Techniques of denaturing gradient gel electrophoresis (DGGE) and temperature gradient gel electrophoresis (TGGE) have been developed to profile microbial communities directly from fermented foods, and are based on sequence-specific distinctions of 16S rDNA and 26S rDNA amplicons produced by PCR (Ercolini, 2004; Flórez and Mayo, 2006; Alegría et al., 2011). However, DGGE has some disadvantages as well like it is time consuming, unable to determine the relative abundance of dominant species and distinguish between viable and nonviable cells, as well as it has difficulties in interpretation of multi-bands (Dolci et al., 2015). DGGE is also limited to detect specific species as it may only reveal some of the major bacterial species such as B. licheniformis and Bacillus thermoamylovorans in chungkokjang (sticky fermented soybean food of Korea) and not detect a large number of predominant or diverse rare bacterial species identified in pyrosequencing analysis (Nam et al., 2011).
The amplified ribosomal DNA restriction analysis (ARDRA) technique using restriction enzymes is also useful in identification of microorganisms from fermented foods (Jeyaram et al., 2010).
Multilocus sequence analysis (MLSA), using housekeeping genes as molecular markers alternative to the 16S rRNA genes, is used for LAB species identification: rpoA and pheS genes for Enterococcus and Lactobacillus, atpA and pepN for Lactococcus species, and dnaA, gyrB, and rpoC for species of Leuconostoc, Oenococcus, and Weissella (de Bruyne et al., 2007, 2008b, 2010; Diancourt et al., 2007; Picozzi et al., 2010; Tanigawa and Watanabe, 2011).
Effective tools of next generation sequencing (NGS) such as metagenomics, phylobiomics, and metatranscriptomics are nowadays applied for documentation of cultures in traditionally fermented products (Mozzi et al., 2013; van Hijum et al., 2013). However, NGS as a sophisticated tool needs well-trained hands and a well-equipped molecular laboratory, which may not always be available. Application of metagenomic approaches, by using parallel pyrosequencing of tagged 16S rRNA gene amplicons, provide information on microbial communities as profiled in kimchi, a naturally fermented vegetable product of Korea (Jung et al., 2011; Park et al., 2012), nukadoko, a fermented rice bran of Japan (Sakamoto et al., 2011), narezushi, a fermented salted fish and cooked rice of Japan (Kiyohara et al., 2012), and ben-saalga, a traditional gruel of pearl millet of Burkina Faso (Humblot and Guyot, 2009). Pyrosequencing has revealed the presence of numerous and even minor bacterial groups in fermented foods, but DNA-level detection does not distinguish between metabolically “active” and “passive” organisms. “Functionally relevant phylotypes” in an ecosystem may be specifically detected by, e.g., weighted UniFrac principal coordinate analysis based on 454 pyrosequencing of 16S rRNA genes, as applied in studies on gut microbiota (Wang et al., 2015). The 16S rRNA gene sequence based pyrosequencing method enables a comprehensive and high-throughput analysis of microbial ecology (Sakamoto et al., 2011), and this method has been applied to various traditionally fermented foods (Oki et al., 2014).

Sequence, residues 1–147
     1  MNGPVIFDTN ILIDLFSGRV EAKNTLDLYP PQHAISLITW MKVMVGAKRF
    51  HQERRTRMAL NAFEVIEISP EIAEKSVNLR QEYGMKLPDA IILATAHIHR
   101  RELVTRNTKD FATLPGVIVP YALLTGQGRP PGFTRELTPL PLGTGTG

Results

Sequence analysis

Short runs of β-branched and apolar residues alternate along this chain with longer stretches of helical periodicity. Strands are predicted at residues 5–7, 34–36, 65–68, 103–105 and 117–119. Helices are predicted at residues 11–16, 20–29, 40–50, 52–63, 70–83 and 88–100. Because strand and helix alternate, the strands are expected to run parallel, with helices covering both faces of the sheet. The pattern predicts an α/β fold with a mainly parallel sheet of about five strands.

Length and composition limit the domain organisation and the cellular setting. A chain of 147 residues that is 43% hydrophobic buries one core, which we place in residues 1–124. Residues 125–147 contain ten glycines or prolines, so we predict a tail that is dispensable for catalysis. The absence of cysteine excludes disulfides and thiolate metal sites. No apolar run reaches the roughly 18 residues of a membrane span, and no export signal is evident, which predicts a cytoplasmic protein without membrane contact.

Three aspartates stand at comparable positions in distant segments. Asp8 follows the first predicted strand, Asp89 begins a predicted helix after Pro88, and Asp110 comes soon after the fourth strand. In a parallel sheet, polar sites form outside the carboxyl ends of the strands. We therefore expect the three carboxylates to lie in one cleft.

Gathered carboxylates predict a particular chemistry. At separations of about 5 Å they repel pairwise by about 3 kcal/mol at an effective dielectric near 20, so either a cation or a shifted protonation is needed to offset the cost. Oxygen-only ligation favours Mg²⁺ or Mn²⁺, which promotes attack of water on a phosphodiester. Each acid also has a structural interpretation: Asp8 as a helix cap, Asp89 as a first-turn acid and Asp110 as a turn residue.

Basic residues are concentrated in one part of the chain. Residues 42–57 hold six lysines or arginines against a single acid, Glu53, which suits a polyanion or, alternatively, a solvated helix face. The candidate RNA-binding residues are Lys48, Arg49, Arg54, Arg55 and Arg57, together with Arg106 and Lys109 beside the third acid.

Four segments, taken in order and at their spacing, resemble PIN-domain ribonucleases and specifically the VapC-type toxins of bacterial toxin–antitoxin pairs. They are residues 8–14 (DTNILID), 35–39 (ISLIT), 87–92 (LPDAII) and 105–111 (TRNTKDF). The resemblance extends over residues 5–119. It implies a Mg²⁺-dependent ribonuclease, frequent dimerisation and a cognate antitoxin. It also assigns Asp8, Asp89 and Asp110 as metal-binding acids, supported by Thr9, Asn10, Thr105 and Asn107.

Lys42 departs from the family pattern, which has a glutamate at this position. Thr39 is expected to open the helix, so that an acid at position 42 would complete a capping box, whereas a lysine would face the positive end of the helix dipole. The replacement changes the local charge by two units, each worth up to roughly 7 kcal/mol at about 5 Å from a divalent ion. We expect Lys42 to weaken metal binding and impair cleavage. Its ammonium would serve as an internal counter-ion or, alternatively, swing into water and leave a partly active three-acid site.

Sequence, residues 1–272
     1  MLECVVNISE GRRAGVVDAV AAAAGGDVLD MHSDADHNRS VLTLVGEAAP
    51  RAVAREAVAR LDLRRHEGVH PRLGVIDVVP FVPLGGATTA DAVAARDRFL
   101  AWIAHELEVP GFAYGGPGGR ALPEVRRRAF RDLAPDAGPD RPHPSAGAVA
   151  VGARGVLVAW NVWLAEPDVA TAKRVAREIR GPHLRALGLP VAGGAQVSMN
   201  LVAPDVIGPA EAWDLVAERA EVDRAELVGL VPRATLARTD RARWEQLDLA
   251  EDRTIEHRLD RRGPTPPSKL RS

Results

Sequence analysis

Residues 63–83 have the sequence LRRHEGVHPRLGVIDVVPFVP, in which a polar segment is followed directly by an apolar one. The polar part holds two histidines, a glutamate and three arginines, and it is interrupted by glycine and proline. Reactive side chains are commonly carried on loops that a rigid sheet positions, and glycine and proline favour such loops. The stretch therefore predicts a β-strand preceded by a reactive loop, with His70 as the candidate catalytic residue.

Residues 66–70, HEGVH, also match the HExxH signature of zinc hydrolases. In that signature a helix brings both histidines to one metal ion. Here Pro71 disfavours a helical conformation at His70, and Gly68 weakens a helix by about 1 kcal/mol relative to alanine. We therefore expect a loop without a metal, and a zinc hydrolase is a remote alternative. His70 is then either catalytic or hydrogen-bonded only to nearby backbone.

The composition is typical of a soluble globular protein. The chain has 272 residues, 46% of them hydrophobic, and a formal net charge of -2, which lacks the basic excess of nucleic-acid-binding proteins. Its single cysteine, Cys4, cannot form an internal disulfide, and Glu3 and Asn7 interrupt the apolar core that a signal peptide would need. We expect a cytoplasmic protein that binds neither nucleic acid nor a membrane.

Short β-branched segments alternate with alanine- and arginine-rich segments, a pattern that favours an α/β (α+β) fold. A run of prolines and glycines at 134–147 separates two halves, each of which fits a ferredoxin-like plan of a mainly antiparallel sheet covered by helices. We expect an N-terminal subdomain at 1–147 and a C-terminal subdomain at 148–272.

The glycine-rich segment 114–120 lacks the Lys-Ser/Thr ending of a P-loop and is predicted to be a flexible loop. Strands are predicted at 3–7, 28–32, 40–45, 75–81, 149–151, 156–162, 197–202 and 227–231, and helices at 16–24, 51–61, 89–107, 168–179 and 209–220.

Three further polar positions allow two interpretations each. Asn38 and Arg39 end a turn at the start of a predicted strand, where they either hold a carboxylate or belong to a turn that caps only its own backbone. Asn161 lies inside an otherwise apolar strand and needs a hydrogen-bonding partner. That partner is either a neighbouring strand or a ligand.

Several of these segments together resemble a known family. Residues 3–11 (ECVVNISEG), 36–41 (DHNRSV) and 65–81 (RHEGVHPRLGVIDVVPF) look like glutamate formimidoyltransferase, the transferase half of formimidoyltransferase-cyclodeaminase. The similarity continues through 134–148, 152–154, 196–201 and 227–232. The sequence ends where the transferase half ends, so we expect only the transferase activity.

A proteomics identification method based on protein profiling using matrix-assisted laser desorption ionizing-time of flight mass spectrometry (MALDI-TOF MS) has been used to identify species of Bacillus in fermented foods of Africa (Savadogo et al., 2011), and species of LAB isolated from global fermented foods (Tanigawa et al., 2010; Dušková et al., 2012; Sato et al., 2012; Nguyen et al., 2013a; Kuda et al., 2014).
Global Fermented Foods
Campbell-Platt (1987) reported around 3500 global fermented foods and beverages, and had divided them into about 250 groups. There might be more than 5000 varieties of common and uncommon fermented foods and alcoholic beverages being consumed in the world today by billions of people, as staple and other food components (Tamang, 2010b). Global fermented foods are classified into nine major groups on the basis of substrates (raw materials) used from plant/animal sources: (1) fermented cereals, (2) fermented vegetables and bamboo shoots, (3) fermented legumes, (4) fermented roots/tubers, (5) fermented milk products, (6) fermented and preserved meat products, (7) fermented, dried and smoked fish products, (8) miscellaneous fermented products, and (9) alcoholic beverages (Steinkraus, 1997; Tamang, 2010b,c).
Fermented Milk Products